About one man in seven will be diagnosed with prostate cancer during his lifetime.
You can gain crucial – possibly lifesaving – insight into this all- too-common cancer during a panel presentation led by leading regional physicians on September 25 at Marquette General Hospital. The free-to-the-public event will take place at the MGH West Lobby and begin at 6 p.m. The West Lobby is adjacent to Marquette General’s Emergency Department.
The physician panel offers the public a rare opportunity to hear from a combined array of prostate cancer experts who will address risk factors, prevention, diagnostic options and breakthrough treatment.
The panel discussion will be led by Marquette General experts Dr. Ross Siemers, medical oncologist, Dr. Paul Thieme, radiation oncologist and Dr. Jay Lonsway, urologist.
Prostate cancer is the second most commonly diagnosed cancer and the second leading cause of cancer-related death in men in the United States. A man’s chances of being diagnosed with the disease increases with age with about six cases in every 10 diagnosed in men age 65 and older.
Although well-established risk factors for prostate cancer include increasing age, African ancestry and a family history, prostate cancer often doesn’t produce any symptoms in early stages and those with any of the below symptoms should see their doctor:
- Frequent urination, especially at night
- Urgency in urinating
- Trouble starting urine stream
- A weak or interrupted urine stream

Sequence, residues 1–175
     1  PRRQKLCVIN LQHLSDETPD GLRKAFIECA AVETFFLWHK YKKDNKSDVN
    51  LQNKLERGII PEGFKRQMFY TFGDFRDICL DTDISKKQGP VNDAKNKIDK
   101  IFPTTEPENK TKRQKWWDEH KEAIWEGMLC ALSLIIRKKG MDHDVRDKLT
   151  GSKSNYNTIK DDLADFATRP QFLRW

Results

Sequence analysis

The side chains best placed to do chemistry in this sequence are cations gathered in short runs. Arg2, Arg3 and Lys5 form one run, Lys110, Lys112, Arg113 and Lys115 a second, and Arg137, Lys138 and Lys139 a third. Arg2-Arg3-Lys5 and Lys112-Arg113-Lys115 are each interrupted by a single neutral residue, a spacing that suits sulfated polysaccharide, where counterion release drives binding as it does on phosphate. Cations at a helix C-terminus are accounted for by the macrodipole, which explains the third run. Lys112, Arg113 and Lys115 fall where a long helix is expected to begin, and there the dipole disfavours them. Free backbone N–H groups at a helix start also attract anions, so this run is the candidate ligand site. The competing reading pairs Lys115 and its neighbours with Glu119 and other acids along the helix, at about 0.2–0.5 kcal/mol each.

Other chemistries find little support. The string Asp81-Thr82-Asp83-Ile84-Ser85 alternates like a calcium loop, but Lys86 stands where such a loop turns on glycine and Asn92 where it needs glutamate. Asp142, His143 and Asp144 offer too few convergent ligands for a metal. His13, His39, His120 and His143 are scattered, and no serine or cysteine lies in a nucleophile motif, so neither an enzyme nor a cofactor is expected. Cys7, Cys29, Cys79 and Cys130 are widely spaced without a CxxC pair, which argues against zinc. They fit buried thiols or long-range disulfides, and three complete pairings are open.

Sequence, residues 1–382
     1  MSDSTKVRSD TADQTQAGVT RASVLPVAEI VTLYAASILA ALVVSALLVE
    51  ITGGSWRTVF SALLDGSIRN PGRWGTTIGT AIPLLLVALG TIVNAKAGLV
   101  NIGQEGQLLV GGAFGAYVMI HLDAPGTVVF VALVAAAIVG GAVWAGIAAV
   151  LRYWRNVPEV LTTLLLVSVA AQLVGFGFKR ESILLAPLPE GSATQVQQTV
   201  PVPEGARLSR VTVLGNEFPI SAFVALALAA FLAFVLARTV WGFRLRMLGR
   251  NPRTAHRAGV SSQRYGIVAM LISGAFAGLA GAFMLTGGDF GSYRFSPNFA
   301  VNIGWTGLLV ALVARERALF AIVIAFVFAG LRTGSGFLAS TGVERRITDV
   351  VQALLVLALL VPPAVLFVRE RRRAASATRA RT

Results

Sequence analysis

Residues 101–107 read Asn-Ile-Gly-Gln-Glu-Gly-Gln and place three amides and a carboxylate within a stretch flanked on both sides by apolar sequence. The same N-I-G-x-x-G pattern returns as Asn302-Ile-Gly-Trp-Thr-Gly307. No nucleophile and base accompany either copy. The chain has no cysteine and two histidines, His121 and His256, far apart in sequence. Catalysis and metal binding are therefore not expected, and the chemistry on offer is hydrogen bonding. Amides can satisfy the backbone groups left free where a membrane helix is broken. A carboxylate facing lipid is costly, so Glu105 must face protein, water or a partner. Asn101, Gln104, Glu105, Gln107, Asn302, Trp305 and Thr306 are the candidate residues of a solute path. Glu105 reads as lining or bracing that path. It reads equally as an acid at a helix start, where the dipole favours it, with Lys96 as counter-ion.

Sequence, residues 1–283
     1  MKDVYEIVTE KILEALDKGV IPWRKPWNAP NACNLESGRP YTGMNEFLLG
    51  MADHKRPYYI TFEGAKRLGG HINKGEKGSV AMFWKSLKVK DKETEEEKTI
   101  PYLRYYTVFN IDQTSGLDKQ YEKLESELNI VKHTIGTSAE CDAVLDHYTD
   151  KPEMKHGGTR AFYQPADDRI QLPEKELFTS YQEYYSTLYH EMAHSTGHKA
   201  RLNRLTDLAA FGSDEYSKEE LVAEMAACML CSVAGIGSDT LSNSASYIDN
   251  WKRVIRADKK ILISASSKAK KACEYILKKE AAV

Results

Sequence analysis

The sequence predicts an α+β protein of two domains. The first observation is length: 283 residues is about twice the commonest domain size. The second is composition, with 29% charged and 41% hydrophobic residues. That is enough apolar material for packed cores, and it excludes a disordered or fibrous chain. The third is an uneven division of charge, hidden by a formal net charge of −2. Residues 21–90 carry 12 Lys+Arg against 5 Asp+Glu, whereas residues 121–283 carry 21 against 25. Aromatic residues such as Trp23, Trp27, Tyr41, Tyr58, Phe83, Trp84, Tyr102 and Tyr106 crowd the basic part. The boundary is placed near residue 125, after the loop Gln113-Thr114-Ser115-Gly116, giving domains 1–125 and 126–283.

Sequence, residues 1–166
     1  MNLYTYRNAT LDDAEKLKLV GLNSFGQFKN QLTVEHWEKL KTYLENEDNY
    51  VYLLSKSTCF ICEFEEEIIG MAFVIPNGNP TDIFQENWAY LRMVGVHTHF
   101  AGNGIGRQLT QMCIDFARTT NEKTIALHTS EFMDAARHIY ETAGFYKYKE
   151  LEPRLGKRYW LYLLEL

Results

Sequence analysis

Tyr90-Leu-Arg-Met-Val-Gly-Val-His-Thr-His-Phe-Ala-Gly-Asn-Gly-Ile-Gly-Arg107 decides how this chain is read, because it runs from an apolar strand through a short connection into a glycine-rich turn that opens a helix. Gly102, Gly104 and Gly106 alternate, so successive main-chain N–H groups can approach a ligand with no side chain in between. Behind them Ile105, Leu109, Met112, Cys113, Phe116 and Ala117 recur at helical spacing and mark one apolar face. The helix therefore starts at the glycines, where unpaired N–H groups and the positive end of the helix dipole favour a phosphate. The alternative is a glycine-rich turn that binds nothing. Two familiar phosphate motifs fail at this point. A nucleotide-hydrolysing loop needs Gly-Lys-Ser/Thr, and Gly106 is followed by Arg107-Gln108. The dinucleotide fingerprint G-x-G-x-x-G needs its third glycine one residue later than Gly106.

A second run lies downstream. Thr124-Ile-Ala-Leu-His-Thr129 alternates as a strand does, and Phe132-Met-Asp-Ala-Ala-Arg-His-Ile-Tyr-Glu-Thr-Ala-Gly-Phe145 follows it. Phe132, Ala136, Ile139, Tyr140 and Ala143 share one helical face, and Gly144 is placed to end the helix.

- Pain or burning during urination
- A feeling that your bladder doesn’t empty completely
- Blood in urine
- A nagging pain in the back, hips or pelvis
Although these symptoms can be caused by prostate cancer, they also can be caused by other conditions that are not cancer, so it’s important to see your doctor to pinpoint the cause of symptoms.
If you doctor determines that a screening should be done, the two most commonly used methods for detecting prostate cancer are: the digital rectal examination (DRE) and the prostate-specific antigen (PSA) test.
If prostate cancer is detected, your doctors will help you decide which prostate cancer treatment is the best, most effective option for you. The Marquette General panel will discuss treatment options along with the benefits, risks and impact on quality of life of each. Treatment options may include: watchful waiting/active surveillance, surgery, radiation therapy, cryosurgery (cryotherapy), hormone therapy, chemotherapy, vaccine treatment or bone-directed treatment.
“Treatment options for prostate cancer are continually evolving and improving,” said Dr. Siemers. “It’s important that men are educated about the options and work with their doctor to decide the best possible treatment for them.”
Several treatments are very successful in providing a cure or keeping the cancer under control for many years. Most men with prostate cancer are a living testimony to this. Some prostate cancers grow quickly and spread – or metastasize – to other parts of the body. If unchecked, these cancers can be fatal. Most prostate cancers, however, are slow growing and in many cases, immediate treatment isn’t necessary. Many men take several months to decide what to do.
Be sure to attend Prostate Cancer Panel Discussion at Marquette General Thursday, Sept. 25 at 6 p.m. in the West Lobby. The discussion is free and open to the public. For more information, please call 906-225-3500.